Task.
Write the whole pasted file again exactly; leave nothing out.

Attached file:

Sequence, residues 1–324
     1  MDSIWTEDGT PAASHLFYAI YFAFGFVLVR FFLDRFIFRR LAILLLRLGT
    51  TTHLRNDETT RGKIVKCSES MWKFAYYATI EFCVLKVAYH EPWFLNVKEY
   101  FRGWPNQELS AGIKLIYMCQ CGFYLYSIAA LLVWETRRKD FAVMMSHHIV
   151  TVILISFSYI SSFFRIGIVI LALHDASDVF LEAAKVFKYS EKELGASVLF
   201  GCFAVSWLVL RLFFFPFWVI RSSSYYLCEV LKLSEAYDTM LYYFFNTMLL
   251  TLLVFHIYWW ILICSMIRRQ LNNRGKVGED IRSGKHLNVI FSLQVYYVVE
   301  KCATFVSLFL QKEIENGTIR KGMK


Sequence, residues 1–324
     1  MDSIWTEDGT PAASHLFYAI YFAFGFVLVR FFLDRFIFRR LAILLLRLGT
    51  TTHLRNDETT RGKIVKCSES MWKFAYYATI EFCVLKVAYH EPWFLNVKEY
   101  FRGWPNQELS AGIKLIYMCQ CGFYLYSIAA LLVWETRRKD FAVMMSHHIV
   151  TVILISFSYI SSFFRIGIVI LALHDASDVF LEAAKVFKYS EKELGASVLF
   201  GCFAVSWLVL RLFFFPFWVI RSSSYYLCEV LKLSEAYDTM LYYFFNTMLL
   251  TLLVFHIYWW ILICSMIRRQ LNNRGKVGED IRSGKHLNVI FSLQVYYVVE
   301  KCATFVSLFL QKEIENGTIR KGMK